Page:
SAN FRANCISCO — What’s the new kale in 2017? There isn’t one, said Suzy Badaracco, trends forecaster and president of Culinary Tides, Tualatin, Ore.
|Suzy Badaracco, trends forecaster and president of Culinary Tides|
“But what there is are five things that think they could be the new kale,” she said, citing seaweed, chicory, cauliflower, celery and weeds. “There’s kind of a cluster coming in; there isn’t a single item. This is true for all categories.
“There’s not a quinoa this year; there’s freekeh and teff and hemp. There are families taking the single spot, which is much more interesting.”
During a presentation at the Winter Fancy Food Show, held Jan. 22-24 in San Francisco, Ms. Badaracco discussed the consumer behaviors driving food and flavor trends and how companies may tackle trends in product development.
Among top themes this year are hybrids and mashups, including pretzel buns, chicken and waffles, cake pops and croissant donuts.
“Cronut was not a trend; it was a poster child for a trend,” Ms. Badaracco noted, adding that beefalo and broccoflower are hybrids, too.
Stuffed foods also are gaining prominence on plates, from Twinkies and turducken to pierogis and pupusas.
“These are examples of how widespread the phenomenon is,” she said. “We don’t even think about it, really.”
During periods of economic recovery, consumers become more experimental, giving rise to such concepts as sour and fermented flavors, jackfruit, purple potatoes, insect protein and savory pancakes.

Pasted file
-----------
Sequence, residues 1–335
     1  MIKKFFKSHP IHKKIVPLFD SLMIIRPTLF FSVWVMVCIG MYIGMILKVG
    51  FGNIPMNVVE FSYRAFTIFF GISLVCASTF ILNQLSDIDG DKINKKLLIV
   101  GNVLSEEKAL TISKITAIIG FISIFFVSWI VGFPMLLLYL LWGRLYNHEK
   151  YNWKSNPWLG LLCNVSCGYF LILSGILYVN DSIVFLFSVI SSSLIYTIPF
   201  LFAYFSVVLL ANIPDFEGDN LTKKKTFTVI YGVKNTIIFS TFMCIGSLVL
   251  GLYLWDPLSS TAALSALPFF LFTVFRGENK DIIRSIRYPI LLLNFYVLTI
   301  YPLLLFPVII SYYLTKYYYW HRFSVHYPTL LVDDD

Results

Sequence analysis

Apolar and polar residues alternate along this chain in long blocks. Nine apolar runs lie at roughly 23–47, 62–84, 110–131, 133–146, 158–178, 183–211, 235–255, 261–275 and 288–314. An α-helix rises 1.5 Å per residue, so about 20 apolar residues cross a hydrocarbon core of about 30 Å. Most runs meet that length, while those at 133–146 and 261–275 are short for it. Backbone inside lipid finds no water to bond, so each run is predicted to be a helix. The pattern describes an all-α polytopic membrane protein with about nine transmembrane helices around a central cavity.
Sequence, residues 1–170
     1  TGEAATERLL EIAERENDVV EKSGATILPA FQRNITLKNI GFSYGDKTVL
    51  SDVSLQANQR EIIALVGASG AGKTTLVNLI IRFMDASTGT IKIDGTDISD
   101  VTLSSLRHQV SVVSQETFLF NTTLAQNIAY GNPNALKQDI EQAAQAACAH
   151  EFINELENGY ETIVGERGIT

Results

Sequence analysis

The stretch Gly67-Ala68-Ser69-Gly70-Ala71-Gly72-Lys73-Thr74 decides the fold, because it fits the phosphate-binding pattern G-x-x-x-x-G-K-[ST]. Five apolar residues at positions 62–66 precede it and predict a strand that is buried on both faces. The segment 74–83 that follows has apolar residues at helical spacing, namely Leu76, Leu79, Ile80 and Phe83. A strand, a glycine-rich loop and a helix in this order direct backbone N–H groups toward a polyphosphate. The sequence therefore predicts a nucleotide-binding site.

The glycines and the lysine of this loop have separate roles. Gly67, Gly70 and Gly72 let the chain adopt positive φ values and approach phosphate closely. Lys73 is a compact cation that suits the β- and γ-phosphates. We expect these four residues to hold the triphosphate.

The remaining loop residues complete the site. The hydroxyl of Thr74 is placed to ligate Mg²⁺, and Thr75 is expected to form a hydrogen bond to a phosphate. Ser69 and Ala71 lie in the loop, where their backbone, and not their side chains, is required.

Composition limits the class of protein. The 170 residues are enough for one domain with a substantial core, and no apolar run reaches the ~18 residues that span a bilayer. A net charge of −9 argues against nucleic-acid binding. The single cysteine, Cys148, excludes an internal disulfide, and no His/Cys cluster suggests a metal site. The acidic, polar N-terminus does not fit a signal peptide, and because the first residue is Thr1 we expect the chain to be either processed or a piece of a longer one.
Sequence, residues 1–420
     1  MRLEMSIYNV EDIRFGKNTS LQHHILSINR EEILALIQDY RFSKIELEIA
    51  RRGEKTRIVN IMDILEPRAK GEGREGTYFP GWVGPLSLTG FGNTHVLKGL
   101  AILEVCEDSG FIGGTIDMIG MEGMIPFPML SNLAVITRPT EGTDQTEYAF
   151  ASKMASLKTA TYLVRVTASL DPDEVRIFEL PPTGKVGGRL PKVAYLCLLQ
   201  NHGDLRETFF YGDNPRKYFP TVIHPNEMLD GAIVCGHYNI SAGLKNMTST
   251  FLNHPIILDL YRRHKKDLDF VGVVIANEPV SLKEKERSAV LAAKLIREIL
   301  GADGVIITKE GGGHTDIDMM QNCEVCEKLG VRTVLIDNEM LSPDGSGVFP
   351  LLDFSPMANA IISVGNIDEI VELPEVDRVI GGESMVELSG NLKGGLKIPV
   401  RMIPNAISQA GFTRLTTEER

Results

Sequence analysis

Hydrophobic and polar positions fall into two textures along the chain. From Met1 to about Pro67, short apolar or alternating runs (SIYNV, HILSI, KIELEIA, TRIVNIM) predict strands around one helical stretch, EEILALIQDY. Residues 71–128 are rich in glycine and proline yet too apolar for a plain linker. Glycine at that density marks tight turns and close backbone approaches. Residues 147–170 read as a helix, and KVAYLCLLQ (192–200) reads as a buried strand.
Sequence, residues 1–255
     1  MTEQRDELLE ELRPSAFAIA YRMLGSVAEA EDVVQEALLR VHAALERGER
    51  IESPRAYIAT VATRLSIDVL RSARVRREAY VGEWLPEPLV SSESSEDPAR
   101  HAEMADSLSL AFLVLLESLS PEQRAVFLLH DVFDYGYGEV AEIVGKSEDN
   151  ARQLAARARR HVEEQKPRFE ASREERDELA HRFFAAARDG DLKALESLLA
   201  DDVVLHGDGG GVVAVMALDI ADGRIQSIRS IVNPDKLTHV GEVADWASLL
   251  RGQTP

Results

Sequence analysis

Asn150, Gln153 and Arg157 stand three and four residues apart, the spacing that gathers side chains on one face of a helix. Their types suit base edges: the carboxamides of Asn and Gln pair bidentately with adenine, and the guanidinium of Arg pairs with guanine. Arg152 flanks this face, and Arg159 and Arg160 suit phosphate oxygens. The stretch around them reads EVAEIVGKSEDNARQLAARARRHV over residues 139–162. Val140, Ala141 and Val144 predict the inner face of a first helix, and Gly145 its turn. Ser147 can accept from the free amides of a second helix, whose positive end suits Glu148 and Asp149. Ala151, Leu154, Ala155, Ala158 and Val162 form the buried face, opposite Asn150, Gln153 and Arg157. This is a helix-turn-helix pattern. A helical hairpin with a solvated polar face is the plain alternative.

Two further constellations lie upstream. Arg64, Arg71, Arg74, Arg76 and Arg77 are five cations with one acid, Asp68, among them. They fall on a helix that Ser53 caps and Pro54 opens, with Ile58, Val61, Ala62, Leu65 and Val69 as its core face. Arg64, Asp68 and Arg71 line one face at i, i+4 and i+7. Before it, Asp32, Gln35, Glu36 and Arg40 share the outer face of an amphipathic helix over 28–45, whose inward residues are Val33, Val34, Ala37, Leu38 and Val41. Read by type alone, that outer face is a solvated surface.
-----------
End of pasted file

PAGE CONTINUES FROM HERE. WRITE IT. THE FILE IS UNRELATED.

“In recovery, you see extremes coming back to the palate,” she said. “That’s why you don’t see comfort food, unless it’s truffle mac and cheese.”
Regional and global cuisines emerging this year include Cuban, Nordic and the Deep South, and when it comes to ingredient sourcing, seasonal is the new local, Ms. Badaracco added.
How companies respond to food trends is critical to the success of a new product in the marketplace. Ms. Badaracco outlined several tips and recommendations.
First, understand the birth and lifecycle of a trend prior to entering, she said.
“If you’re only looking at one part of a trend or one part of your industry, you’re not going to understand the whole picture around it,” she said. “You’re not going to understand where the trend came from and where it’s going.”
Second, she said, “neither love nor hate a trend… Emotions will fog a trend’s true pattern, and you’ll be blindsided when it shifts. And I promise it will shift. They always do.”
Third, brands should spend more time researching a trend’s personality and trajectory than worrying about what the competition is doing.
“After all,” she said, “they may be idiots.”
With hybrids, mashups and fusion cuisine, maintaining the individual integrity and authenticity of each component is critical for success, Ms. Badaracco said.
“While novelty is commendable, you also have to have restraint,” she added. “Otherwise you’re going to create what we call ‘confusion cuisine.’”Perhaps most importantly, she noted, “don’t stray from what you do best. Don’t go completely out on a limb, but make sure you stay within what you do best and what you’re known for.”